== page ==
Convention Member William Warren

Convention Member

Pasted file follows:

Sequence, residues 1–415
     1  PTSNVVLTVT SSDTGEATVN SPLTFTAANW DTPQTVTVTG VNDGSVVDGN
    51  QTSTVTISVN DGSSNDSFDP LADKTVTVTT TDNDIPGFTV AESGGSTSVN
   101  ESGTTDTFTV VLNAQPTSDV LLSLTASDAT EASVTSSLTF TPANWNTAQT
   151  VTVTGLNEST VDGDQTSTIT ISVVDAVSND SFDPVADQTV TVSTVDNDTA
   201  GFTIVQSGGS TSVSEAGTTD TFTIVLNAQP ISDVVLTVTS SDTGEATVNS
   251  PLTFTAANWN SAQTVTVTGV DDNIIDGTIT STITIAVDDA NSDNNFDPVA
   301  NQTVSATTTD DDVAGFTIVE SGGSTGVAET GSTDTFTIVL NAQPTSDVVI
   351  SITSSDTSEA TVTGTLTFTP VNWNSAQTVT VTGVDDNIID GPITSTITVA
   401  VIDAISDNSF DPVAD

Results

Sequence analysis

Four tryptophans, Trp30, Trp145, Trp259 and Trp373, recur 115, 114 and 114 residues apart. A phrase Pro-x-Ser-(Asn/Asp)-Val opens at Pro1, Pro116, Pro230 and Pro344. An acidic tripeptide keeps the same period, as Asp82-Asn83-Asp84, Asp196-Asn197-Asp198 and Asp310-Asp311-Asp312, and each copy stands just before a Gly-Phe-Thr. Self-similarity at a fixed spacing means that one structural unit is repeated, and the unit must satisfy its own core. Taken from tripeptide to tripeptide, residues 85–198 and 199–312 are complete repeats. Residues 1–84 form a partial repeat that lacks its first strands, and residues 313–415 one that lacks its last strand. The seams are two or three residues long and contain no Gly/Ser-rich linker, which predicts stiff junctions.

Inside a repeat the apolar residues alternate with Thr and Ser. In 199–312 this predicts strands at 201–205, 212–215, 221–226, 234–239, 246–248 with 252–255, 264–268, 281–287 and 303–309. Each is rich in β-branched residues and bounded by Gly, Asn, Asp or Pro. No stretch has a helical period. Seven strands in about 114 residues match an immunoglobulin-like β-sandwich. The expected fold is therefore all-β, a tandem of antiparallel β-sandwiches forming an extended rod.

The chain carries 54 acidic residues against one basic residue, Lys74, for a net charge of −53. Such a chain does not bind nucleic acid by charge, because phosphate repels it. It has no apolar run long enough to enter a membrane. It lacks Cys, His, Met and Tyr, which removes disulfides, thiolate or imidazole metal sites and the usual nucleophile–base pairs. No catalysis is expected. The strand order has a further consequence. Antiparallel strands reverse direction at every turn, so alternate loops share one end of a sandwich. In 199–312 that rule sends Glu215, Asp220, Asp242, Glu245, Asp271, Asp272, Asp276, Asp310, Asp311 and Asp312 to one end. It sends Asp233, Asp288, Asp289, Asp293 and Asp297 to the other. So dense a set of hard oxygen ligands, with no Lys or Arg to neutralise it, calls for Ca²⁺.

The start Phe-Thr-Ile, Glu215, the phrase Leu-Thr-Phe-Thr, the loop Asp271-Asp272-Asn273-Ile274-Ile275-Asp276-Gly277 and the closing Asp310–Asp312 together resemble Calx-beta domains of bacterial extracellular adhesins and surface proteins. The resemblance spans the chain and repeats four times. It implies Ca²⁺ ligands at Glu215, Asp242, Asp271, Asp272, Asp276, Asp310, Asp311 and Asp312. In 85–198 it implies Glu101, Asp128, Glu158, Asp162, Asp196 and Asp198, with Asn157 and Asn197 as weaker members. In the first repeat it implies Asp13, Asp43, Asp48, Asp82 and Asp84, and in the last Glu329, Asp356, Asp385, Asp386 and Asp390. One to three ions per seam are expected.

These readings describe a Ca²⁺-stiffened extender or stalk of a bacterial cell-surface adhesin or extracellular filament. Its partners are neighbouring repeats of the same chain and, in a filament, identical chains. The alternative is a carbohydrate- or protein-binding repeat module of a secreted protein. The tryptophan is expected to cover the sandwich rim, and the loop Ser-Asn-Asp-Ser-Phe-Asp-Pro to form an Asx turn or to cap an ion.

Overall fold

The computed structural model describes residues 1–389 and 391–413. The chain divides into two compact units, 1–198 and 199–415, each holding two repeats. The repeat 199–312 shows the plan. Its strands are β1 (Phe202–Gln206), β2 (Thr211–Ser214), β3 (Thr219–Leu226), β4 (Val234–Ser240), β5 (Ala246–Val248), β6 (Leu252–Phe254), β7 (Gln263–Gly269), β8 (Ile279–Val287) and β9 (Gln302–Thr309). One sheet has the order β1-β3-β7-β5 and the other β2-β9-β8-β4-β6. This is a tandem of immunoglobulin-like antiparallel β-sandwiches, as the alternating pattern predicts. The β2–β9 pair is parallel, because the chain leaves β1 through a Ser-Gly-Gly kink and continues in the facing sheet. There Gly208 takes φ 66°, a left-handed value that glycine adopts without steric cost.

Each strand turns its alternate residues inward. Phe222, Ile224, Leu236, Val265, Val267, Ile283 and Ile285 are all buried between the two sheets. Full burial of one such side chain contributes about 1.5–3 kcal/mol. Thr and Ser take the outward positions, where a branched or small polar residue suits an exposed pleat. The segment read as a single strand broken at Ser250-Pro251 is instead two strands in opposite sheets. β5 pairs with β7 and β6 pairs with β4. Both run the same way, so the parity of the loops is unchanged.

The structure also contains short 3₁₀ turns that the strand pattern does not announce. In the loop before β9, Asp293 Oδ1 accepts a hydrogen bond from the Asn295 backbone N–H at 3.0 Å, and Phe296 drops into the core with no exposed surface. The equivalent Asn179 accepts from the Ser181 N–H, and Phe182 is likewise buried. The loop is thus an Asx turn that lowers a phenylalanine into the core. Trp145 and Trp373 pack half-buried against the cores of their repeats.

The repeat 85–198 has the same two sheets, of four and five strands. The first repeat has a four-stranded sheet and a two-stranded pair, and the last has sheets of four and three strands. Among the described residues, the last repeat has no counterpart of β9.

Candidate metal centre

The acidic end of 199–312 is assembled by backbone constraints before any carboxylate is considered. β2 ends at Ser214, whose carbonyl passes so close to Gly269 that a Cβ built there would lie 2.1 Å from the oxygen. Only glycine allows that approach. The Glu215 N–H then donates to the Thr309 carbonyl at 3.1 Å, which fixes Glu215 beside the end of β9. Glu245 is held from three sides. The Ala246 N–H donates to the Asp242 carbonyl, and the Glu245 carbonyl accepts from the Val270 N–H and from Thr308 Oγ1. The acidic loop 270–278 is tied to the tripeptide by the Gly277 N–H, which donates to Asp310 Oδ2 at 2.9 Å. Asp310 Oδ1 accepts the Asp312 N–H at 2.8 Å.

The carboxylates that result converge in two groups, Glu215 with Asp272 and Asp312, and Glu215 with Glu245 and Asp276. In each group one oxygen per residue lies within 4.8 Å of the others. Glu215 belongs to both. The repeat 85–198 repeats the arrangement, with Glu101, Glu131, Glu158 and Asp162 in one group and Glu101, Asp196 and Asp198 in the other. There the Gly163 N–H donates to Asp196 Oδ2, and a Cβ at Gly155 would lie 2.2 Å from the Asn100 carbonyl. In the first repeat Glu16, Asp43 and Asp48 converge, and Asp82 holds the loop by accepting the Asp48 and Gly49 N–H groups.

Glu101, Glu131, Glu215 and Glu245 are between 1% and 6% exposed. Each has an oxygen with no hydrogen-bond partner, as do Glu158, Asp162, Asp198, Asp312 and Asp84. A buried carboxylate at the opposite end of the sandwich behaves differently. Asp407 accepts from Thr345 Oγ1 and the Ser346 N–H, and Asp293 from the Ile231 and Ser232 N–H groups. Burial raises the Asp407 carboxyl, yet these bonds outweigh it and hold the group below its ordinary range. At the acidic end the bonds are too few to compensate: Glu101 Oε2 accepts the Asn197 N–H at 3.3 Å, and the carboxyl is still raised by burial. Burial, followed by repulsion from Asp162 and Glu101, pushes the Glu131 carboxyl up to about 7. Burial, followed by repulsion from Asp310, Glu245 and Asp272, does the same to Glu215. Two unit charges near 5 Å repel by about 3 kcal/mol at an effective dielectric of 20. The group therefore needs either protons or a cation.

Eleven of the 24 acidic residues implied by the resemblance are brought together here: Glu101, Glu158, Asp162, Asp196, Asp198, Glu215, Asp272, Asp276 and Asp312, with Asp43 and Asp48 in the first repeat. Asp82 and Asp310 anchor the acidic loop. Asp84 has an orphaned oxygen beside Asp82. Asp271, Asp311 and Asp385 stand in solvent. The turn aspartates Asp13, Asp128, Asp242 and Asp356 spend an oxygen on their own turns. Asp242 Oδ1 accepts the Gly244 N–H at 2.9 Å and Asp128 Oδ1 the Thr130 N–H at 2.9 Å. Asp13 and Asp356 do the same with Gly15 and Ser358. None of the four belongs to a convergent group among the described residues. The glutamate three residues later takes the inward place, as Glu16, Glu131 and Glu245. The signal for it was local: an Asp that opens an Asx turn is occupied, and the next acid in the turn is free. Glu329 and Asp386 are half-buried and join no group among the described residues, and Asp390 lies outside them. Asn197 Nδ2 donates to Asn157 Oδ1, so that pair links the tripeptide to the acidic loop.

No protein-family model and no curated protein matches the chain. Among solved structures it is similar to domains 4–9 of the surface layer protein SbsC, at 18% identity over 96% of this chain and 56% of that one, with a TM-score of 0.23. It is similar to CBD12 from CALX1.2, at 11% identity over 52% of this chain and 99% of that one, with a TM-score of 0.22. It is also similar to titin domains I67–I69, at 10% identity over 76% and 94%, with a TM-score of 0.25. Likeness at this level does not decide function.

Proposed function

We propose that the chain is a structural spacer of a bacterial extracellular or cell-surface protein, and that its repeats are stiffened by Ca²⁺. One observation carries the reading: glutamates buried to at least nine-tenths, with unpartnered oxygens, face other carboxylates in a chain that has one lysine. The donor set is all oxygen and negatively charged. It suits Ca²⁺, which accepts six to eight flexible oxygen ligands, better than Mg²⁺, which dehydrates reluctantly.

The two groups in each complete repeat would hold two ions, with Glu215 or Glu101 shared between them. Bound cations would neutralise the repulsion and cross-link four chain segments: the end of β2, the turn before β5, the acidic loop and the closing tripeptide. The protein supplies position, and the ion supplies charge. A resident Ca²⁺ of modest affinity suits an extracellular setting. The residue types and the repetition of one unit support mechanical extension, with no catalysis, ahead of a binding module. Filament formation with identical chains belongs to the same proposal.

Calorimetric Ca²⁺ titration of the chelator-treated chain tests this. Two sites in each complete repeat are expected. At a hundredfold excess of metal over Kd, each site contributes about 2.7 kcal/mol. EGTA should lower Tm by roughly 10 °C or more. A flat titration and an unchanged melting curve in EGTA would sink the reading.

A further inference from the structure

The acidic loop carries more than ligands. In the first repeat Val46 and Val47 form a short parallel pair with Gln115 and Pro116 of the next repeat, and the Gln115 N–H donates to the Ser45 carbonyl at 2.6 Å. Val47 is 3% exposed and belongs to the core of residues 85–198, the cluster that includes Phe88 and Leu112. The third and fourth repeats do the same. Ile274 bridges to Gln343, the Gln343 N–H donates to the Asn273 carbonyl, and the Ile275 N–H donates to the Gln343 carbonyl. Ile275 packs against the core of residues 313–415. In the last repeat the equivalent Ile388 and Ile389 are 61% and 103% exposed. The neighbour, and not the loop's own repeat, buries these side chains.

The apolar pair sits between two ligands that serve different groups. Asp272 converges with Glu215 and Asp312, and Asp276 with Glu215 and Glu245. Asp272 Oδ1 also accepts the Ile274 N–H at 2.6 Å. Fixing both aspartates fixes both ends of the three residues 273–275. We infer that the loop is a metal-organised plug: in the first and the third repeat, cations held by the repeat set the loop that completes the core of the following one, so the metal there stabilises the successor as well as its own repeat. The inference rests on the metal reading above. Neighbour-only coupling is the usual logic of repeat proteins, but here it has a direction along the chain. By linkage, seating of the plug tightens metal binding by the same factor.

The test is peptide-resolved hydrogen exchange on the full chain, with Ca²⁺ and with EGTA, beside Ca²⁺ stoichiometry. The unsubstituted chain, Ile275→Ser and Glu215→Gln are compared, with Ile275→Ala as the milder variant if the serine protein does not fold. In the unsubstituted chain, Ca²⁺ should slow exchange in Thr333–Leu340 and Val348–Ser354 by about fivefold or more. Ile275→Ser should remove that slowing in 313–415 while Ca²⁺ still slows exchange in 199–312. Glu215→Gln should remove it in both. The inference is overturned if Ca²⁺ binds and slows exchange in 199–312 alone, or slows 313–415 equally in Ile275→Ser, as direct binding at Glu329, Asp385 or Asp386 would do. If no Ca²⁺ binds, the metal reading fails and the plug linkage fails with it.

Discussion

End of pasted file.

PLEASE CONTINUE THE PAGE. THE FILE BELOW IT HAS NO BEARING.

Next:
Born in Fayette County, Kentucky, August 23, 1812, where his boyhood days were passed. In 1826, he went to Callaway County, Missouri, where he resided until 1831, when he enlisted for the Black Hawk war, and came to Galena with his command, where he was mustered out of service in the winter of 1833. He then engaged in merchandising and mining for a time, and then sold out and accepted a clerkship under General Taylor at the then pioneer military post of Prairie du Chien, Wisconsin. From there he removed to Dubuque, and then to Bellevue in 1836, where he continued to reside until his death February 22, 1884. He was appointed Sheriff of Jackson County by the Governor of the territory in 1839, and held the office seven years. In 1857, he was elected a member of the constitutional convention, and served with distinction in that body of able men. In 1852, he was appointed a post quartermaster in the army, and for a time acted as chief quartermaster of the army of the Tennessee. During his term of office he disbursed over seventy millions of dollars for the government, and controlled hundreds of millions of dollars’ worth of government property and supplies. At one time his enemies thought to get him out of the army. They preferred charges against him and he was arrested and court marshaled, but the court acquitted him. He was honorably discharged from the army in September, 1865, receiving a receipt in full from the government. Soon after his return home from the army he was elected a member of the Board of Supervisors in this county. In 1870, the city council of Bellevue sent him to Des Moines, with several others of our prominent citizens to obtain a land grant to aid in the building of the Chicago, Clinton & Dubuque railroad. The project succeeded, the land grant was obtained, and the road built. He held the office of justice of the peace for nearly thirty years, was mayor of the city several times, and filled at different times all the township and city offices. He was twice a presidential elector, and a member of the convention that nominated Abraham Lincoln at Chicago in 1860. He attended nearly all the Whig and Republican state conventions ever held in Iowa, and was an acknowledged leader of the Republican Party in the state ever since its organization in 1855. Capt. Warren fell on an icy sidewalk some weeks before his death, and never recovered from the shock. He was married three times, and leaves a widow and three children. Source: Maquoketa Excelsior, Jackson Co., Iowa, Published March 8, 1884